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Thai virus clusters spotlight conditions for migrant labour

Berita 24 English -  A series of coronavirus clusters among Bangkok construction workers, including the first local cases of the variant ide...

Berita 24 English - 
A series of coronavirus clusters among Bangkok construction workers, including the first local cases of the variant identified in India, has refocused attention on migrant labour rights as Thailand battles its deadliest outbreak to date.

Migrant workers played a critical role in Bangkok's decade-long construction boom, but they receive little assistance from the government or their employers, advocacy groups claim. Many students live on-campus in overcrowded dormitories to save money.

Thailand detected it's first 36 domestically transmitted cases of the highly contagious B.1.617.2 coronavirus variant last week among Bangkok construction workers' housing residents.

The city's authorities have prohibited workers from leaving such camps after 11 were discovered among the capital's 30 active clusters.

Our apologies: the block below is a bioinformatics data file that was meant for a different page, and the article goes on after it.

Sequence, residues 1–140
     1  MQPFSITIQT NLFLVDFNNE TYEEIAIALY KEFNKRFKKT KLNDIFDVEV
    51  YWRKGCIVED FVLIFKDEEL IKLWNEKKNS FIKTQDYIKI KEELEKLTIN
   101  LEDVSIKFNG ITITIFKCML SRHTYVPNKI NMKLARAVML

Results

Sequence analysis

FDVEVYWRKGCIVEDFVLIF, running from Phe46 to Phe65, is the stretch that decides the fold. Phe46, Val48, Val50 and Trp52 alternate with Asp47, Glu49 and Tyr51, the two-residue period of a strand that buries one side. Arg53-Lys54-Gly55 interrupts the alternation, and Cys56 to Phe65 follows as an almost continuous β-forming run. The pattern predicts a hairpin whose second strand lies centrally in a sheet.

Around Bangkok, approximately 409 workers' camps where authorities estimate that 62,169 workers live, approximately half of whom are migrant labourers.

"Migrant workers are an underrepresented group in society," Suthasinee Kaewleklai, coordinator of the Migrant Workers Rights Network (MWRN) in Thailand, explained.

"Many were unsure that they could come in for testing without being arrested."

According to the International Organization for Migration, Thailand has between 4 and 5 million migrant workers, many of whom work in the construction, manufacturing, and seafood industries.

Myanmar workers were among the worst affected by Thailand's previous coronavirus outbreak last December, which had its epicentre in a province near Bangkok with a high concentration of migrant labourers.

Additionally, the outbreak resulted in a significant increase in anti-Myanmar hate speech on Thai social media.

Additionally, there are concerns that illegal border crossings undermine the country's strict quarantine system for new arrivals.

Authorities tightened border crossings over the weekend following the discovery of three local cases of the COVID-19 variant first identified in South Africa, all of which were caused by the illegal entry.

Thailand is currently battling its most severe outbreak to date, fueled by another highly transmissible variant, B.1.1.7, first identified in the United Kingdom and suspected of entering Thailand via an illegal border crossing from Cambodia.

Since July 2020, nearly 33,000 illegal migrants have been apprehended, the defence ministry reported.

Thailand's latest outbreak has claimed nearly 80% of the country's 132,213 cases and nearly 90% of the 806 deaths so far.

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